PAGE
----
The Ouiatenon Preserve

Ouiatenon Preserve Overlook

The Ouiatenon Preserve: A Roy Whistler Foundation Project

Fort Ouiatenon (1717-1791) was the first European settlement and the first of three forts built by the French in the 18th Century in what would later become Indiana. It was constructed across the river from the principal Ouiatenon (Wea) Native American village and existed during many of the pivotal periods of early American history including the European colonization of North America, the French and Indiana War, the American Revolution and the subsequent birth of the United States of America and the Northwest Territory Wars. Fort Ouiatenon is considered one of the most important archaeological sites in Indiana and is one of the only preserved sites of its type in our country.

The Ouiatenon Preserve is located west of the Fort Ouiatenon Historical Park along South River Road and the Wabash River. It contains the site of the original 1700s era Fort Ouiatenon and nearly 200 acres of land surrounding it. The Ouiatenon Preserve is a Roy Whistler Foundation Project and an Archaeological Conservancy Research Preserve. The property will be co-owned and operated by the Tippecanoe County Historical Association and the Archaeological Conservancy. A significant portion of funding was awarded under the Indiana Bicentennial Nature Trust and the Indiana Heritage Trust with matching contributions provided by the Roy Whistler Foundation and The Archaeological Conservancy. The purpose of this effort is to protect these unique, important and nationally significant archaeological sites while simultaneously creating a nature preserve that will improve the environmental and ecological health along the Wabash River.

Plans are underway to protect this site for future generations to research and learn from and create a wonderful place in our community to enjoy nature and celebrate our incredibly rich and unique Native American and early European history while improving the health of our environment and river.



Fort Ouiatenon Blockhouse Opening Celebration @ Fort Ouiatenon Historic Park
Jun 3 @ 1:00 pm – 5:00 pm
Fort Ouiatenon Blockhouse Opening Celebration @ Fort Ouiatenon Historic Park

Celebrate the opening of the Blockhouse Museum at Fort Ouiatenon Historic Park with games and activities for the whole family. Step back in time to the 1700’s- era fur trading post. Encounter characters from this historic fort and learn about the current research being done to help preserve this important site.

The Blockhouse Museum is open on Saturdays and Sundays throughout the summer, from 1:00 to 5:00 pm.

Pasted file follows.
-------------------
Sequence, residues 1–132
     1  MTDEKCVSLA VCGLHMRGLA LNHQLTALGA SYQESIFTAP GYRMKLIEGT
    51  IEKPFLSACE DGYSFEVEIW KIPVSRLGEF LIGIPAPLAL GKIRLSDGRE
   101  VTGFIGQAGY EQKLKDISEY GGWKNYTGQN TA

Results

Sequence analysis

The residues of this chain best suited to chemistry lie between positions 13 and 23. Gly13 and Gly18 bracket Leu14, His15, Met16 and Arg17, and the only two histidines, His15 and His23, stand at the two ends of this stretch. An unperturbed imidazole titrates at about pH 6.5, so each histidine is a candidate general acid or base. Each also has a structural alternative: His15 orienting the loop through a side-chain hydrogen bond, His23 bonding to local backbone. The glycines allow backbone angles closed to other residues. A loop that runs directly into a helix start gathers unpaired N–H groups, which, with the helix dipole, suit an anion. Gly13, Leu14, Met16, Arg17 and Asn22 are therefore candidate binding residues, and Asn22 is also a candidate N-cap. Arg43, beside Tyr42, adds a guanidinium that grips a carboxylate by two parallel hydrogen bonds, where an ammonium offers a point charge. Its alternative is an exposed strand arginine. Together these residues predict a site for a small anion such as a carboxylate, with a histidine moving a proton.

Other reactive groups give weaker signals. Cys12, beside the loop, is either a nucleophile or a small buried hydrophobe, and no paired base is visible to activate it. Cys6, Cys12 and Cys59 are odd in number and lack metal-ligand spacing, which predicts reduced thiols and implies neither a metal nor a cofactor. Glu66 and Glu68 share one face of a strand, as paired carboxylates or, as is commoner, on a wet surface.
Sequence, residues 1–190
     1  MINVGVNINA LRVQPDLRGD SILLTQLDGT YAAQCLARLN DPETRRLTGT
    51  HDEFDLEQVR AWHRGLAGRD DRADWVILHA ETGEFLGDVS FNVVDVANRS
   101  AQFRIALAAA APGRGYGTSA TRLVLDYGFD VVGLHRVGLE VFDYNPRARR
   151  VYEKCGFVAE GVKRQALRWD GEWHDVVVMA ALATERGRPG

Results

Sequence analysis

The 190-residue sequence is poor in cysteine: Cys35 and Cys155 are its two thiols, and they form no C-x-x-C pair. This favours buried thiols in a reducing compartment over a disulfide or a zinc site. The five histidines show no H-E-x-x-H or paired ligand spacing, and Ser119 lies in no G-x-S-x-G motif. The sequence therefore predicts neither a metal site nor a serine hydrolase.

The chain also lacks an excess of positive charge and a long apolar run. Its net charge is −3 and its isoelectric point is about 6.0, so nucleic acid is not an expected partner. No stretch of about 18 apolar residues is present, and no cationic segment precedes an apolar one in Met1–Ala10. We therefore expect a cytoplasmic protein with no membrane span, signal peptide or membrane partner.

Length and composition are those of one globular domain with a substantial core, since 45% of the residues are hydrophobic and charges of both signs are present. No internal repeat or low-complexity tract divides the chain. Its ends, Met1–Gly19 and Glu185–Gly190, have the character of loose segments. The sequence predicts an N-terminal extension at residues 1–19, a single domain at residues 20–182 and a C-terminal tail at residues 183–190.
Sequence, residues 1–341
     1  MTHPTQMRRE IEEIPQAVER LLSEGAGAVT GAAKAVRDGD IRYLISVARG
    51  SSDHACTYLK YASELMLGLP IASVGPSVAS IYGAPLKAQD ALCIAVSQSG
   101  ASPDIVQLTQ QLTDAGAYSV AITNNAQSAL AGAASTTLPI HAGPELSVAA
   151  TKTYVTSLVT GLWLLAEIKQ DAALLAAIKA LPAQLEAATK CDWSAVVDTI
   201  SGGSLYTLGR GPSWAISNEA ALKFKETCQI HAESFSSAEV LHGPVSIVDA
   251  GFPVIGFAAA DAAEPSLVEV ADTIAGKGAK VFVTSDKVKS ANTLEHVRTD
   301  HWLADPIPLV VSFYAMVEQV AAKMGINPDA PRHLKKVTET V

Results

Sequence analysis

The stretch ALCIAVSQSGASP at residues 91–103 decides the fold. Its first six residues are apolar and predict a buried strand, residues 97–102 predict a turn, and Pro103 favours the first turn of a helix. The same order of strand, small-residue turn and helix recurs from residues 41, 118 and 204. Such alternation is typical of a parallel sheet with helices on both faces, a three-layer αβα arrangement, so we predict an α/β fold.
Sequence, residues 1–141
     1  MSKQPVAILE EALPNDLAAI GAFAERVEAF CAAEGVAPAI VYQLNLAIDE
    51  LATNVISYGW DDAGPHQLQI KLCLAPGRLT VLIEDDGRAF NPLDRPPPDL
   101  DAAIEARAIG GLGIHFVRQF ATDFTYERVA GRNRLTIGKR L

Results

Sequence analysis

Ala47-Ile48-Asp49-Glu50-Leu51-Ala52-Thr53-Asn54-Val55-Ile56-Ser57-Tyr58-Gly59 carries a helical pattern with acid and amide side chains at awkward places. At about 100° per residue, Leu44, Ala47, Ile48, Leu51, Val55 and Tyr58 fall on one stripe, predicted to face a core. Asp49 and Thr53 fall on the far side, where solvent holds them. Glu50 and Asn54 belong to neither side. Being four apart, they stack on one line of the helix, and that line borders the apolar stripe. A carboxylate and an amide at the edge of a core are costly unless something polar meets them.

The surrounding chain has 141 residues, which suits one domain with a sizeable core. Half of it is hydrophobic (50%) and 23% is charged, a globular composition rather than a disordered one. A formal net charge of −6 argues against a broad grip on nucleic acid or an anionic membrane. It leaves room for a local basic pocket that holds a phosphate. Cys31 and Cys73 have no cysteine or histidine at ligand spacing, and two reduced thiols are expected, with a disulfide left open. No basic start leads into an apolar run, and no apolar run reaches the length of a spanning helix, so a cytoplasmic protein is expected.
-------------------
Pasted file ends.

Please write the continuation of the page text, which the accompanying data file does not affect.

Woodland Native American Life @ TCHA History Center (Former Masonic Lodge)
Jun 10 @ 2:00 pm – 3:30 pm
Woodland Native American Life @ TCHA History Center (Former Masonic Lodge)

“Their Bearing is Noble and Proud.” presentation by James F. O’Neil. It will be a look at what clothing Native Americans of the 18th Century actually wore.  The talk will be based on period quotes, slides of period paintings, engravings, and sketches, and slides of items that are in museums from around the world.  We will see that the image presented to the world is far from what the Native Americans looked like in this time period.  We will also look at the effect of the fur trade upon the appearance of Native Americans.

James F. O’Neil has a Bachelors in history and masters in education from the University of Dayton. He compiled and edited “Their Bearing is Noble and Proud Vol. I & II”, A collection of narratives regarding the appearance of Native Americans from 1740-1815.

Firearms at the Fort @ Fort Ouiatenon Historic Park, River Shelter
Jul 1 @ 2:00 pm – 3:30 pm
Firearms at the Fort @ Fort Ouiatenon Historic Park, River Shelter

The program, entitled Firearms at the Fort will be a discussion and live – fire demonstration of historic firearms of the 18th century frontier.  The program will be led by Rick Conwell, manager of the Tippecanoe Battlefield Interpretive Center and History Store, with the support and cooperation of the National Muzzle Loading Rifle Association.

Visitors will have the chance to:

  • Examine and handle, (with supervision), several original and reproduction arms.
  • View firearms related artifacts from TCHA’s collections which were excavated at the site of Fort Ouiatenon during the 1970’s.
  • Learn how a flintlock works, both from the inside and out, and, btw, why do they call it a “lock”, anyway?
  • Learn the differences and similarities between a musket, a rifle, and a “trade gun”, and the military, social, and economic rolls each played in daily life at the fort.
  • Examine the equipment and accessories peculiar to each type of arm, along with how each is safely loaded, fired, and maintained.
  • Discuss the technological progress that led to the development of modern firearms as we know them today.
  • Find out what a ”Kentucky” rifle is, how it got the name, why the barrel is so long, and how far it will shoot.
  • Learn what we mean by “guage” and “caliber”.
  • Find out how to tell if it’s loaded, and how to safely extract a load.

The program will be held at the west picnic shelter near the boat ramp. The Ouiatenon  blockhouse will also be open, set up to resemble an early French trading post and staffed with historical interpreters in period clothing. So bring a picnic lunch, if you like, and make it an afternoon of historical fun and education. 



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